1 The Riches of the Poor
For our purposes, let’s say that the center of the moral universe is in Room S-3800 of the UN Secretariat, Manhattan. From here, you are some five hours from being able to negotiate the sale, in broad daylight, of a healthy boy or girl. Your slave will come in any color you like, as Henry Ford said, as long as it’s black. Maximum age: fifteen. He or she can be used for anything. Sex or domestic labor are the most frequent uses, but it’s up to you.
Before you go, let’s be clear on what you are buying. A slave is a human being who is forced to work through fraud or threat of violence for no pay beyond subsistence. Agreed? Good. You may have thought you missed your chance to own a slave. Maybe you imagined that slavery died along with the 360,000 Union soldiers whose blood fertilized the Emancipation Proclamation and the Thirteenth Amendment. Perhaps you assumed that there was meaning behind the dozen international conventions banning the slave trade, or that the deaths of 30 million people in world wars had spread freedom across the globe.
But you’re in luck. By our mere definition, you are living at a time when there are more slaves than at any point in history. If you’re going to buy one in five hours, however, you’ve really got to stop navel-gazing over things like law and the moral advance of humanity. Get a move on.
First, hail a taxi to JFK International Airport. If you choose the Queensboro Bridge to the Brooklyn-Queens Expressway, the drive should take under an hour. With no baggage, you’ll speed through security in time to make a direct flight to Port-au-Prince, Haiti. Flying time: three hours.
The final hour is the strangest. After disembarking, you will cross the tarmac to the terminal where drummers in vodou getup and a dancing midget greet you with song. Based on Transportation Security Administration warnings posted in the departure terminal at JFK, you might expect abject chaos at Toussaint L’Ouverture Airport. Instead, you find orderly lines leading to the visa stamp, no bribes asked, a short wait for your bag, then a breeze through customs. Outside the airport, the cabbies and porters will be aggressive, but not threatening. Assuming you speak no Creole, find an English-speaking porter and offer him $20 to translate for the day.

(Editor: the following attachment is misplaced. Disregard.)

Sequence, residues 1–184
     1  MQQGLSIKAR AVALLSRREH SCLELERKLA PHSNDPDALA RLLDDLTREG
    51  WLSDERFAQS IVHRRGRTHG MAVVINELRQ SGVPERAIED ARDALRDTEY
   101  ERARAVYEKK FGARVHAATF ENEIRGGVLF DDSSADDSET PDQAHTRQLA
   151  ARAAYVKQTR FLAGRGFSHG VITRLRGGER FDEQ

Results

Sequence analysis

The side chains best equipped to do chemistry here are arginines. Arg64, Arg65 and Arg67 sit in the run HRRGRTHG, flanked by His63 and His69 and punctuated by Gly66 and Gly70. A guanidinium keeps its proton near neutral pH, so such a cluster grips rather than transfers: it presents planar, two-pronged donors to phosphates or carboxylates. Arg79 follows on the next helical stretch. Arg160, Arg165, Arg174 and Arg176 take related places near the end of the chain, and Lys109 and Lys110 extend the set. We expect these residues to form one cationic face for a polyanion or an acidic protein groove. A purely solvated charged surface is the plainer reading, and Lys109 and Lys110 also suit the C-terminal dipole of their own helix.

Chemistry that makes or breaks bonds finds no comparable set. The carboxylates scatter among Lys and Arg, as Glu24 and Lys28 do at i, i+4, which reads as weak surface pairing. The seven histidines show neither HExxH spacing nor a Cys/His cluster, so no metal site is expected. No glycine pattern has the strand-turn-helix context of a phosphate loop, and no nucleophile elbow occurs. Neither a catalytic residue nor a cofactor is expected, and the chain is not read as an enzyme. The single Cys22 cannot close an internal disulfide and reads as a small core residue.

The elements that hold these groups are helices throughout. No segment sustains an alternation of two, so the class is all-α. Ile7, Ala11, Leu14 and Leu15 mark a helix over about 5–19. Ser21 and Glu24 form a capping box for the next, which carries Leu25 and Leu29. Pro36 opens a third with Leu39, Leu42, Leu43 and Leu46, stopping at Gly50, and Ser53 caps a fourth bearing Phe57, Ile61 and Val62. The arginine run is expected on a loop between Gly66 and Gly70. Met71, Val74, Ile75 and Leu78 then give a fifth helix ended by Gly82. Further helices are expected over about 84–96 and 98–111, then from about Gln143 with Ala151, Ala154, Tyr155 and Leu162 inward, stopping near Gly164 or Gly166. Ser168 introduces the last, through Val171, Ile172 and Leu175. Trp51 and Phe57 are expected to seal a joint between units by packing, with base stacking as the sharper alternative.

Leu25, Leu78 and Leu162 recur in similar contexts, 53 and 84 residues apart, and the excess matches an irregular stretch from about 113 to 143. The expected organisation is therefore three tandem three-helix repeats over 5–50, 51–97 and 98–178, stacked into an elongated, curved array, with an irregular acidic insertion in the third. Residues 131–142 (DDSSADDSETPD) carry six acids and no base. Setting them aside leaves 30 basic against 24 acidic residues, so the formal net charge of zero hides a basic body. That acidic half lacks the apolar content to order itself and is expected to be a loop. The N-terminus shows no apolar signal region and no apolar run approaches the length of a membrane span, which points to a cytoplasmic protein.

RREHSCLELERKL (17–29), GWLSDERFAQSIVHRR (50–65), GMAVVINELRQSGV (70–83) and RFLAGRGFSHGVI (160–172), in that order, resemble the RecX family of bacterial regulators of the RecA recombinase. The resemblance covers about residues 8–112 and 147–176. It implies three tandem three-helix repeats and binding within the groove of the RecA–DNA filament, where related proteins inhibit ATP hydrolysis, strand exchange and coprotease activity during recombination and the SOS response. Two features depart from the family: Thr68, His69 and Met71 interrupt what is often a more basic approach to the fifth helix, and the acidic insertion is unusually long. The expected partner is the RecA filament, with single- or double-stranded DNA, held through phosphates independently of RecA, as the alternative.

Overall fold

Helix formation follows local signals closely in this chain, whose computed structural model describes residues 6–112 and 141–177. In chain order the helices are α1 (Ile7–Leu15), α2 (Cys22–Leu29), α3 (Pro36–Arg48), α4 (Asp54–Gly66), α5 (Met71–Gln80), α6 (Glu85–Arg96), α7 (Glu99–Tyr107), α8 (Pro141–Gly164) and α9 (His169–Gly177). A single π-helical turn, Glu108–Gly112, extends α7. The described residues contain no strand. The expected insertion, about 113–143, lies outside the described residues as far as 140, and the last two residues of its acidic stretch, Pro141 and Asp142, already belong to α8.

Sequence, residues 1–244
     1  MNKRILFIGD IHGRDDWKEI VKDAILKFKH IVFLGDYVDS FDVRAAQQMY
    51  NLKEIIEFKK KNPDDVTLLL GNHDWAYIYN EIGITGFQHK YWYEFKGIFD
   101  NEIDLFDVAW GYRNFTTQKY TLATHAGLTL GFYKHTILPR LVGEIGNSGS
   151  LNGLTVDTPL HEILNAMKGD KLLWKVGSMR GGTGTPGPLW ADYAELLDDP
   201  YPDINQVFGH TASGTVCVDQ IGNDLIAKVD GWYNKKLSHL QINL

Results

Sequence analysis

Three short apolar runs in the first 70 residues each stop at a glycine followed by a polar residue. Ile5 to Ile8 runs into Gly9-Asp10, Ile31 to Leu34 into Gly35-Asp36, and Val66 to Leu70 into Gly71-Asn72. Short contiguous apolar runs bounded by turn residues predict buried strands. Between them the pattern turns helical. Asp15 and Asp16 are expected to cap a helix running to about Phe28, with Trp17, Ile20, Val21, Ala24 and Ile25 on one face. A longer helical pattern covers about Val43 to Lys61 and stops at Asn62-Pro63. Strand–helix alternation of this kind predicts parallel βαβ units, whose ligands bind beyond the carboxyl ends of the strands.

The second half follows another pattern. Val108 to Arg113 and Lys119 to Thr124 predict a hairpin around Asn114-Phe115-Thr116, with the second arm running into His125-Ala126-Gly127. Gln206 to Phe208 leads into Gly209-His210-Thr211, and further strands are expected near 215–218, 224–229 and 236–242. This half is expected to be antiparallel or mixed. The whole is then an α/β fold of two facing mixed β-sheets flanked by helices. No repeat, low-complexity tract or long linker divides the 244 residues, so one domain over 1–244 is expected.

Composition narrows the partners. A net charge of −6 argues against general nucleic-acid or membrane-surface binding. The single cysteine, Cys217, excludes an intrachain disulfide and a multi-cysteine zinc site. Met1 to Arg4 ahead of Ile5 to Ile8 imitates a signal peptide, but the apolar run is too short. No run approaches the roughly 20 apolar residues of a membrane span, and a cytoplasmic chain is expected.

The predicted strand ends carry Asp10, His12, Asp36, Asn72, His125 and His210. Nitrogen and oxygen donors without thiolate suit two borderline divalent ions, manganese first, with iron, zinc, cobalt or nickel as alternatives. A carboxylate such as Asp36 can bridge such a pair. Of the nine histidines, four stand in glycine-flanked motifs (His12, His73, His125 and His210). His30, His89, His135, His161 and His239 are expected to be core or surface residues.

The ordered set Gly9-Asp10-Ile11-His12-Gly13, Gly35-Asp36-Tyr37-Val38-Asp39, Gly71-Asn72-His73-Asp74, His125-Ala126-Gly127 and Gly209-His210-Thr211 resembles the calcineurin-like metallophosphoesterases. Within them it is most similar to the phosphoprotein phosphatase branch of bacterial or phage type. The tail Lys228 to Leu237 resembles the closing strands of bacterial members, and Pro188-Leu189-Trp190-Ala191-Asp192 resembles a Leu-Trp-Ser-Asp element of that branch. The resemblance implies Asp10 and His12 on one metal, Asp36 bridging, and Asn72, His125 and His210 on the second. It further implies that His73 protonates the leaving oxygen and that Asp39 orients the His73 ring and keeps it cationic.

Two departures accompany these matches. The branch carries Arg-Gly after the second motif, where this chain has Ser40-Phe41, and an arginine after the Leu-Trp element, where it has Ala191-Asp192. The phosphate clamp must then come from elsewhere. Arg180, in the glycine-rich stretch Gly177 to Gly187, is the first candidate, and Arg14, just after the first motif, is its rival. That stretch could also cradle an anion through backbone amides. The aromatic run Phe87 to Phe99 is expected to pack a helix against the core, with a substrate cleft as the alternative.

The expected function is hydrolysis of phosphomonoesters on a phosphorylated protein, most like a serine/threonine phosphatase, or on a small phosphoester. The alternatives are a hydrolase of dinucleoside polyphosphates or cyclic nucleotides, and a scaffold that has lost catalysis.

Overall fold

Ask your translator to hail the most common form of transport, a tap-tap, a flatbed pickup retrofitted with benches and a brightly colored canopy. You will have to take a couple of these, but they only cost 10 gourdes (25 cents) each. Usually handpainted with signs in broken English or Creole, tap-taps often include the wordsMY GOD orJESUS. MY GOD IT’S MY LIFE reads one; another announcesWELCOME TO JESUS . Many are ornate, featuring windshields covered in frill, doodads, and homages to such figures as Che Guevara, Ronaldinho, or reggae legend Gregory Isaacs. The driver’s navigation is based on memory, instinct. There will be no air conditioning. Earplugs are useful, as the sound system, which cost more than the rig itself, will make your chest vibrate with the beats of Haitian pop and American hip-hop. Up to twenty people may accompany you: five square inches on a wooden bench will miraculously accommodate a woman with a posterior the size of a tractor tire. Prepare your spine.
You’ll want to head up Route de Delmas toward the suburb of Pétionville, where many of the country’s wealthiest thirty families—who control the nation’s economy—maintain a pied-à-terre. As you drive southeast away from the sea, the smells change from rotting fish to rotting vegetables. Exhaust fumes fill the air. You’ll pass a billboard featuring a smiling girl in pigtails and the words:Give me your hand. Give me tomorrow. Down with Child Servitude. Chances are, like the majority of Haitians, you can’t read French or Creole. Like them, you ignore the sign.
Heading out of the airport, you’ll pass two UN peacekeepers, one with a Brazilian patch, the other with an Argentine flag. As you pass the blue helmets, smile, wave, and receive dumbfounded stares in return. The United Nations also has Jordanians and Peruvians here, parked in APVs fifteen minutes northwest, along the edge of the hyperviolent Cité Soleil slum, the poorest and most densely populated six square miles in the poorest and most densely populated country in the hemisphere. The peacekeepers don’t go in much, neither do the national police. If they do, the gangsters that run the place start shooting. Best to steer clear, although you’d get a cheap price on children there. You might even get offered a child gratis.